Ronson is sometimes described as a humorist (as does Will Self in his Guardian review quoted on the blurb) but I think this is entirely misleading. Ronson is and always has been a journalist, albeit one who uses his wit and humour to allow us insights to the things about which he writes, a technique which is also effective when he drops it to highlight the sad or horrific - the town of Shubuta, Mississippi, devastated when the local toaster factory was closed to increase the manufacturing company's share price, the murders committed by actual violent psychopaths, the deaths and harm caused by the 'reality' TV industry when they have focused on a distorted view of what is not 'normal'. And, unlike much journalism, this does not attempt to give definite answers; the threads Ronson has drawn together are tied neatly enough to make sense but with enough frayed, trailing lines to leave the reader pondering long after closing the book....more
While I've read most of Orwell's novels I have somehow never got around to his non-fiction. As I was a journalism student, this is close to criminal.While I've read most of Orwell's novels I have somehow never got around to his non-fiction. As I was a journalism student, this is close to criminal. In happy remedy to this, BBC radio is currently having an Orwell season, all the programmes (readings, adaptations and documentaries) archived for posterity at http://www.bbc.co.uk/programmes/b01pyz0z so please pay it a visit.
Down and Out in Paris and London is, along with The Road to Wigan Pier and Homage to Catalonia, considered one of the great pieces of reportage of the 20th century. Orwell's description of his time living on (and below) the breadline in these two capitals is breathtaking. He manages to combine a journalistic distance with a visceral understanding and explanation of what it means to be truly broke, to a level which is almost inconceivable in the same societies scant decades later. His descriptions of hardship never come across as unfair or whining, partly because the level of poverty is so extreme but mostly due to the fact that he so often compares his own plight with others he meets who are even worse off than himself; Orwell has the expectation that his privation is temporary (and we know this to be the case, in retrospect) many of the people he meets are sinking to depths he assumes he will never reach, habituated to their lot, or otherwise hopeless cases. Yet Orwell's writing is infused with compassion and a sense of social justice that he is never condescending to or belittling of their situations; without preaching he draws attention to the social inequalities that not only allow but require people to beg or starve, that marginalise a large section of society to the impoverishment of everyone due to the moral damage and human waste this engenders. Such ire as Orwell expresses (and there is not much; this is a book of compassion rather than anger) is reserved for those who perpetuate the status quo - whether they are those who use their power over anyone worse off than themselves, the religious charities who exploit the need of the poor to spread their message or those vagrants who still somehow buy into the injustice.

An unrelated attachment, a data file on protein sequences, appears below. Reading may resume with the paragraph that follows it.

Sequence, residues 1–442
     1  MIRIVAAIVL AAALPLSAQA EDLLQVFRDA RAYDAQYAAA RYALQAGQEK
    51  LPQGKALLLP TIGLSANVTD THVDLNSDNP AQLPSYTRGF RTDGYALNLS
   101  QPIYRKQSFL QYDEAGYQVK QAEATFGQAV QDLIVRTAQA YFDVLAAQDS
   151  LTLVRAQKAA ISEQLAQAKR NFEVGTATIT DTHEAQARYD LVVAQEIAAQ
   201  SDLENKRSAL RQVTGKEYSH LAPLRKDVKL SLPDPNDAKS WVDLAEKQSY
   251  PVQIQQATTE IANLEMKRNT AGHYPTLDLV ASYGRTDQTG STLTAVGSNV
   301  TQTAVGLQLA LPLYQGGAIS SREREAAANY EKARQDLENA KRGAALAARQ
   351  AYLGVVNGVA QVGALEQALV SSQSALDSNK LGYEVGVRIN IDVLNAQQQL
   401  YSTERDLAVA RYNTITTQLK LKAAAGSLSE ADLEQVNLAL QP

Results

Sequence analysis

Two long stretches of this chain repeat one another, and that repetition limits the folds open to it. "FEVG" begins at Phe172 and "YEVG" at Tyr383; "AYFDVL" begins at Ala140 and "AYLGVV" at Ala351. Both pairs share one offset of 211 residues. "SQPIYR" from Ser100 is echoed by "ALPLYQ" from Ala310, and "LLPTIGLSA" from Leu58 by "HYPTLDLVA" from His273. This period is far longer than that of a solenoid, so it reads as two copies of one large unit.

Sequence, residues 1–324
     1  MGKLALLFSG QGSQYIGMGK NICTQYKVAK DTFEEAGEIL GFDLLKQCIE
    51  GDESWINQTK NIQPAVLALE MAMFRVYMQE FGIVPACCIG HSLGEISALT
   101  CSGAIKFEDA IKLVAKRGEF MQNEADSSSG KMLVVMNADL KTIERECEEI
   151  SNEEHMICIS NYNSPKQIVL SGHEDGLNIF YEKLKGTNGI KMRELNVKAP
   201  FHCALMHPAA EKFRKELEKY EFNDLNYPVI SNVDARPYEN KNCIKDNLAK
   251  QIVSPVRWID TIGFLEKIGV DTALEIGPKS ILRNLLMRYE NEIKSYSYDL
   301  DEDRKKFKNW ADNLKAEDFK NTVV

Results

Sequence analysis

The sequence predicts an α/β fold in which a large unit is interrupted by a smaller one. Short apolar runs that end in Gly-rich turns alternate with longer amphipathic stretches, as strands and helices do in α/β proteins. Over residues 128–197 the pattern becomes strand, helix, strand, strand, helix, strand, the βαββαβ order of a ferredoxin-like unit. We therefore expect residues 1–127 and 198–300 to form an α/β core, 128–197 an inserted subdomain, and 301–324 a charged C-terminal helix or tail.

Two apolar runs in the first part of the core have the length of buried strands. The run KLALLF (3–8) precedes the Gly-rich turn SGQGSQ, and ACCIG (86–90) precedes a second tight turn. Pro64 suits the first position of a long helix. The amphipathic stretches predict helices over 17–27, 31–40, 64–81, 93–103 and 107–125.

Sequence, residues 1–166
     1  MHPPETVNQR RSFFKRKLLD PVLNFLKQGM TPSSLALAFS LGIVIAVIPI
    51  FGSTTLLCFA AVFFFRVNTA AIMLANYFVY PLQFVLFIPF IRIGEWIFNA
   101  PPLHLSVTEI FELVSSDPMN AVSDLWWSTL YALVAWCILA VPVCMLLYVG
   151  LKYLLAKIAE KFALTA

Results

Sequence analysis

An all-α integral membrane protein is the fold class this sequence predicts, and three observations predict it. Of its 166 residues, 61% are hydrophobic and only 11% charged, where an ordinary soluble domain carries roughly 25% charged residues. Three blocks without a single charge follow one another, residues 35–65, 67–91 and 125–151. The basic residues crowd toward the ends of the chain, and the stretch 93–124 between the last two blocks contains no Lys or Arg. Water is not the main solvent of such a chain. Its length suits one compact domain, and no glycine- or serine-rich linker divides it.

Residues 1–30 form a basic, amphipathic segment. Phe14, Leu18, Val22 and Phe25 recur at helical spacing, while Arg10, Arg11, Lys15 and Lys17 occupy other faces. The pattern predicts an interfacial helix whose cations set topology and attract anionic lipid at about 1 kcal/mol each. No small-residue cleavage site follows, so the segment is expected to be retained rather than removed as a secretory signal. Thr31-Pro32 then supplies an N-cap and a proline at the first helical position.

This is, perhaps, the definitive example of journalism as social activism, and serves not only as a reminder of how things once were but as a warning in a time when social safety nets are being dismantled in the name of austerity of the very real social and human dangers of a society that is happy to regard those who have fallen on hard times as surplus to requirements....more